Understanding the Growing Presence of Black Bears in Marin County

Black Bear

Most of us have likely seen the videos — grainy, out of focus Nest Cam footage of a bear ambling across a residential driveway in San Rafael’s Terra Linda neighborhood. Where are these bears coming from?

“These are likely young dispersing males from the Occidental or Bodega Bay regions, looking for a range to call home,” says Peter Barto, a Marin-based naturalist and member of the North Bay Bear Collaborative (NBBC). “Although Marin and California were historically grizzly bear habitat, the bears we have here are American black bears, and our group is trying to see if a resident population is establishing itself in the county.” In July 2022, Barto, who is also a part of the River Otter Ecology Project, captured on a trailcam he had set up for the group footage of two young bears playing in a creek within the Mt. Tam watershed.

So how many bears are there in the county? The NBBC guesses there are at least four, basing it on the various sightings and bear descriptions from different parts of Marin over the last couple years. Here are some things to consider as these new inhabitants become more common. 

  • The best way to scare them off? Make a lot of noise, and don’t come between a mother and her cubs.
  • Mind your trash. Keep your bins securely stowed away before garbage pickup to not tempt bears — and other animals.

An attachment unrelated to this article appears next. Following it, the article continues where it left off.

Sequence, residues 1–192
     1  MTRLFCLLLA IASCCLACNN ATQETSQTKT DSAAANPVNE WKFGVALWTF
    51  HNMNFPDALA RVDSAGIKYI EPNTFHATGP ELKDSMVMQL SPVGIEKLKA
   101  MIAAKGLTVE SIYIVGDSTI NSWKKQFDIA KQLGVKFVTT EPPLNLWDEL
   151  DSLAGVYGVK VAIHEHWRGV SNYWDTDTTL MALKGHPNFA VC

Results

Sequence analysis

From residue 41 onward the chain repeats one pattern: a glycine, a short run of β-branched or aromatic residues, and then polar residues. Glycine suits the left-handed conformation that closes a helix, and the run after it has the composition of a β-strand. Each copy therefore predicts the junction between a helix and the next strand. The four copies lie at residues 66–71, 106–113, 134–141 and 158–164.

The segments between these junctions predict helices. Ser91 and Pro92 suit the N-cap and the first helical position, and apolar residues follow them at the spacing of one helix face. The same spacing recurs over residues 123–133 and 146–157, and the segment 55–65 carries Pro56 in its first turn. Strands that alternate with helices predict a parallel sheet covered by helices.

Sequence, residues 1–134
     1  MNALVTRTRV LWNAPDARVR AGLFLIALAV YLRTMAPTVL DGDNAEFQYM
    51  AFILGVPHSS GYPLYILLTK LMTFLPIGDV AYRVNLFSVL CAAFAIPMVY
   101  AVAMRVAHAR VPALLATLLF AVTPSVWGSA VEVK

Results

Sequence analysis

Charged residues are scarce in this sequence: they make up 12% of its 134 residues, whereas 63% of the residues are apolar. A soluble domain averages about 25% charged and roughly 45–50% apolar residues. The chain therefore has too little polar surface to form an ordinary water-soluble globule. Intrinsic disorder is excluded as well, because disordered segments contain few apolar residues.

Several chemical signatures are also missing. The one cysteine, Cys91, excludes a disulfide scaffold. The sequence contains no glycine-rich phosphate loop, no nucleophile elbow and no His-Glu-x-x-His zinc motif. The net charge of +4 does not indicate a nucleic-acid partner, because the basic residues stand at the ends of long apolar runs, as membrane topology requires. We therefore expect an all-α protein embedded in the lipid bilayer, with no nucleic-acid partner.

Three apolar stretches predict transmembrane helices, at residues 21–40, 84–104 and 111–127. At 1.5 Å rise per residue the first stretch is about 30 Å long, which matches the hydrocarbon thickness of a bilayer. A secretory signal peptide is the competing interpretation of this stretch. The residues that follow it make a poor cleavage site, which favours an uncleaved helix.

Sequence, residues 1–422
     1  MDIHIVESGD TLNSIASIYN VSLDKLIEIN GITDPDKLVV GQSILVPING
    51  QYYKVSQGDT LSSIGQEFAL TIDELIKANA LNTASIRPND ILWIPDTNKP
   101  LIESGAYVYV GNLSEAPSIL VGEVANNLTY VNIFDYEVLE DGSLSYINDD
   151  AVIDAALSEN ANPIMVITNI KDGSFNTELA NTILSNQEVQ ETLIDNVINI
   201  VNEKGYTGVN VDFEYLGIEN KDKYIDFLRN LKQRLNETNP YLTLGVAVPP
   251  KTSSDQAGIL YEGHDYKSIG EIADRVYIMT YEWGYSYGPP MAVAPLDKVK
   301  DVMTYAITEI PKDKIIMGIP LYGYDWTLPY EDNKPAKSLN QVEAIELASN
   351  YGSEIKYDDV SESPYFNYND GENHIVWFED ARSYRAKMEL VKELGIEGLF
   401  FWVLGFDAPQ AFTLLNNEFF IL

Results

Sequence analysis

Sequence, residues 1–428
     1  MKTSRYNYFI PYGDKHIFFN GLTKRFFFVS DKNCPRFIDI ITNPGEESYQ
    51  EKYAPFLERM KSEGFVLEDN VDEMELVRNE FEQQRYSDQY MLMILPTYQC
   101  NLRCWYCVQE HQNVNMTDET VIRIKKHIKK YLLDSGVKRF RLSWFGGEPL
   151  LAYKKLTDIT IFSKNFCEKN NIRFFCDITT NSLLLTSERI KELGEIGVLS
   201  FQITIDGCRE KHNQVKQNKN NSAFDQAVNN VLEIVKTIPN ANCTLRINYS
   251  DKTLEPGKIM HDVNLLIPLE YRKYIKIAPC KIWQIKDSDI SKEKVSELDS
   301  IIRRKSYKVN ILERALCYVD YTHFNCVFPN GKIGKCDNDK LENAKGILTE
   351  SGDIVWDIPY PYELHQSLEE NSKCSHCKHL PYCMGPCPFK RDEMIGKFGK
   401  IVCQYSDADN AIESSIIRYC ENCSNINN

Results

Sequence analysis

• American black bears can be brown! Many shades of brown, in fact.
  • Black bears are not obligate carnivores like mountain lions and do not necessarily prey on other animals, although they will sometimes catch and feed on small mammals as well as scavenge on dead animals. Their diet mostly consists of berries, insects, roots and other plants.
Marin, Black Bear
Photo by Peter Barto

You can learn more about black bears and how to reduce conflict when sharing the area with them at the North Bay Bear Collaborative’s website.

Kasia Pawlowska

Kasia Pawlowska loves words. A native of Poland, Kasia moved to the States when she was seven. The San Francisco State University creative writing graduate went on to write for publications like the San Francisco Bay Guardian and KQED Arts among others prior to joining the Marin Magazine staff. Topics Kasia has covered include traveltrendsmushroom hunting, an award-winning series on social media addiction and loads of other random things. When she’s not busy blogging or researching and writing articles, she’s either at home writing postcards and reading or going to shows. Recently, Kasia has been trying to branch out and diversify, ie: use different emojis. Her quest for the perfect chip is never-ending.